Past U.S. Philatelic Classics Society president Van Koppersmith lead the January 13th seminar on Philadelphia ship mail from 1792 to the 1860s. After discussing three pages of rate tables, Van showed three of the four recorded types of in-ship ‘4’ rates of 1792-98. He then showed examples of the manuscript ship rate markings, noting that Philadelphia used a Franklin dater but not a town postmark at the time. The first Philadelphia circle of 1799 was shown along with a straightline SHIP (an arc version was introduced 8/14/1804 and the FDC was shown). He also showed eight versions of the new “6” in-ship markings, which were used from 1799 to the Civil War. The holding was notable for the number of covers where the ship carrying the letter was designated.
A very early use (February 12, 1800) of the uncommon outgoing Post Paid Ship Letter of London (1800-1819) combined with the first type of crowned Liverpool ship letter (1800-1804) was shown. The London ship letter office at Lombard St. had opened 9/13/1799. The outgoing rate of 6d on this letter was half the packet rate. An 1802 companion prepaid ship letter from Hull sparked spirited discussion of rates and delays. This letter to 31 market St. was probably carrier delivered in Philadelphia.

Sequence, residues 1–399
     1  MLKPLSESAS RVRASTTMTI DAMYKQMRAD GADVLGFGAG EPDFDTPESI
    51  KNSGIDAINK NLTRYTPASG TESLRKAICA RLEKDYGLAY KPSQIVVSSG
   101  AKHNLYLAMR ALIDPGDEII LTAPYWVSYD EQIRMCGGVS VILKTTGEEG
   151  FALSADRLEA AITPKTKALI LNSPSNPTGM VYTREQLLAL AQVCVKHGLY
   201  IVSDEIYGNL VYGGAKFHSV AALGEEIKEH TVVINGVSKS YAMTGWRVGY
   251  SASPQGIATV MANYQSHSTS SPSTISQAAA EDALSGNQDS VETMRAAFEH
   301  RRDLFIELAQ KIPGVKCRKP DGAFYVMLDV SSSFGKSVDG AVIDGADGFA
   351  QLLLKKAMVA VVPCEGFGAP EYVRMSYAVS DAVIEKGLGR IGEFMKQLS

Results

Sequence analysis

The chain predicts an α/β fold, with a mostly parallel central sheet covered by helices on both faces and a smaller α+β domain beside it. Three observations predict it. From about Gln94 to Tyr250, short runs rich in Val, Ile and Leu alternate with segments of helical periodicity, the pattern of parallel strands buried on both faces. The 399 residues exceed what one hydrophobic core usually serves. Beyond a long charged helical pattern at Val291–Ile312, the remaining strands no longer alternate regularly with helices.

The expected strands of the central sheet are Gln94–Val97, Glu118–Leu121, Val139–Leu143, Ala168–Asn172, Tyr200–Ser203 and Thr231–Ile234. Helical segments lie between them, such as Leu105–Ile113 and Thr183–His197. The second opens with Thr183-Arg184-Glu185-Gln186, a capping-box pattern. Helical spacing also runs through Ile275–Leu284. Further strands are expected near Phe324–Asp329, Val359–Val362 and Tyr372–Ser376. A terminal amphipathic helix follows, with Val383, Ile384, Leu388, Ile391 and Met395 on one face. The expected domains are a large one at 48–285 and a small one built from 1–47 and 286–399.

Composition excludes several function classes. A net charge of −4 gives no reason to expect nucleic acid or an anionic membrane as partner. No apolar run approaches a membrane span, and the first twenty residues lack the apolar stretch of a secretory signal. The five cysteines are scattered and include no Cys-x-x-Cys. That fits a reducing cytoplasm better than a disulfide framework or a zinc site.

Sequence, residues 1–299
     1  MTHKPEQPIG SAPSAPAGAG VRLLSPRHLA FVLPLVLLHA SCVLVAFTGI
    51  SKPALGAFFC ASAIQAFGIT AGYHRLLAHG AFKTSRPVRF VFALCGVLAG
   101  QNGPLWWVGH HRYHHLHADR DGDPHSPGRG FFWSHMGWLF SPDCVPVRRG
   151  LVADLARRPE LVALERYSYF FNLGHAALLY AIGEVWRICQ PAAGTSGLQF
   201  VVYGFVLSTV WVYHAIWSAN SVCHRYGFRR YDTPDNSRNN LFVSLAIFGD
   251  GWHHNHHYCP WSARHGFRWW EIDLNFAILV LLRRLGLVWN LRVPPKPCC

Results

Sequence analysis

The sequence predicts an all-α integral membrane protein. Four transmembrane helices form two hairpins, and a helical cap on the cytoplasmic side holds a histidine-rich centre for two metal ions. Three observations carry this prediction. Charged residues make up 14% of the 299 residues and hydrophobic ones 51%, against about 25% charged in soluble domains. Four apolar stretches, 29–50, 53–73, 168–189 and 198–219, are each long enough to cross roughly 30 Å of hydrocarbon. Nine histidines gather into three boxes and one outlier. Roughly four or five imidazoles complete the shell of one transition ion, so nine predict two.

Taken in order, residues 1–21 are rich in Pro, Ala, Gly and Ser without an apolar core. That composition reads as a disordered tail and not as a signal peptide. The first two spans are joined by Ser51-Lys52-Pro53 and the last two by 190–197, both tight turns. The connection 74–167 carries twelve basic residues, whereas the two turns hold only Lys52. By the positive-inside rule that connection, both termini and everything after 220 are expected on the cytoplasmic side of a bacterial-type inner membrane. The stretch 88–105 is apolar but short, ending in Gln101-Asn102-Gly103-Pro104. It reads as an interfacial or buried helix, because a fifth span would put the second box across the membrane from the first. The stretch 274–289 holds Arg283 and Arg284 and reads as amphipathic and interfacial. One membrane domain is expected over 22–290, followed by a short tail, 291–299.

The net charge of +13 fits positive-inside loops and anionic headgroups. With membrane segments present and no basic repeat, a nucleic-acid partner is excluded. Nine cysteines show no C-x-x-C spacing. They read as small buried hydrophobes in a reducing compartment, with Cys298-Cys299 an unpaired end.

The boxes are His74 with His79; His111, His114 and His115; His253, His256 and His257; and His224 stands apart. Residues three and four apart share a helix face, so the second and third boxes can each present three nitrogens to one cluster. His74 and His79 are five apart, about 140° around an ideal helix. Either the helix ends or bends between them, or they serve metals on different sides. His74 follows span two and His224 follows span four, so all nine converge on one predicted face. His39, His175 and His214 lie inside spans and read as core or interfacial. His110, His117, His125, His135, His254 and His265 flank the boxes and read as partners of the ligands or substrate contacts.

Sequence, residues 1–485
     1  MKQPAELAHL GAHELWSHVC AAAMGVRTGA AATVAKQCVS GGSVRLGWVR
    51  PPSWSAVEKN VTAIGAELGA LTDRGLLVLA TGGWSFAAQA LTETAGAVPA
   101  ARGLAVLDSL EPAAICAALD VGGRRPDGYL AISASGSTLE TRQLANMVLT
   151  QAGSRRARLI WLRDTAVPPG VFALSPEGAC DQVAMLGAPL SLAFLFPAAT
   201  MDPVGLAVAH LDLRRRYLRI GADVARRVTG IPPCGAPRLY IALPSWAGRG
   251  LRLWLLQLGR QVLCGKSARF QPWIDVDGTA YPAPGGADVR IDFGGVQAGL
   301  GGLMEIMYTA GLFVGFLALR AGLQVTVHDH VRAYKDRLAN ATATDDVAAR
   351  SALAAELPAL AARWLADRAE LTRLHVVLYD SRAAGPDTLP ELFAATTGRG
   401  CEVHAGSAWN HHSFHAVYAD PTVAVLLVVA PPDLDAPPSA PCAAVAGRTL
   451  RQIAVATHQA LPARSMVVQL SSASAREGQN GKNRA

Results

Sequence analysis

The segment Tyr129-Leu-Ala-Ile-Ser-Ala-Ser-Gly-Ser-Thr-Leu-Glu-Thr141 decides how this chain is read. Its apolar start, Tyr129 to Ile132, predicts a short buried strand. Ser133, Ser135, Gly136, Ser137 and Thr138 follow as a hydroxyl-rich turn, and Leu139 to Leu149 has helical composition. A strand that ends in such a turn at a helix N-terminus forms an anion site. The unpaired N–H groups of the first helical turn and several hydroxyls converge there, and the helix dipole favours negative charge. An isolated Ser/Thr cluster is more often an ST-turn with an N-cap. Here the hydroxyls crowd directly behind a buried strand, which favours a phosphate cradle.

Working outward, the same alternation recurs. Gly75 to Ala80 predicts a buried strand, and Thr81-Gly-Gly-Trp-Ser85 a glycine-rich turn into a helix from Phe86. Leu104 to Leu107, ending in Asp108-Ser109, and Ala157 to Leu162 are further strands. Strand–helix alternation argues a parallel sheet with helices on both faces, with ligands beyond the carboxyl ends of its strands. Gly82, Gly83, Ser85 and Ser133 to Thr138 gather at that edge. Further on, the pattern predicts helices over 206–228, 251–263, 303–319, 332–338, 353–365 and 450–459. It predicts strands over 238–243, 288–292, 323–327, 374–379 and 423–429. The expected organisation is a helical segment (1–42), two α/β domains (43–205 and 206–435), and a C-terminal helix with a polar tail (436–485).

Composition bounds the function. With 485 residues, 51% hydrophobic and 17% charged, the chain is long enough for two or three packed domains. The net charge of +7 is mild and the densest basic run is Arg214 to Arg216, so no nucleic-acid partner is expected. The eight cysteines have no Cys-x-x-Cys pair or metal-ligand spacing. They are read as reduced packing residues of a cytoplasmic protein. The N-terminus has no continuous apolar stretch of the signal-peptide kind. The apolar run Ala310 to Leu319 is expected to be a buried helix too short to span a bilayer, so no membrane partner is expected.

Among the rarities shown were a Philadelphia 1827-30 MAIL ROUTE (of which less than ten examples are known) and a Batavia Indonesia originated cover with the red full-rigged ship. It’s believed that the latter marking was introduced along with the Philadelphia octagon postmark in 1834. About 40 examples are known. There is also an 1839 blue rigged ship of which at least three are known.
The attached pages provide a wealth of rate information and details about these rare markings, along with scans of scarce covers.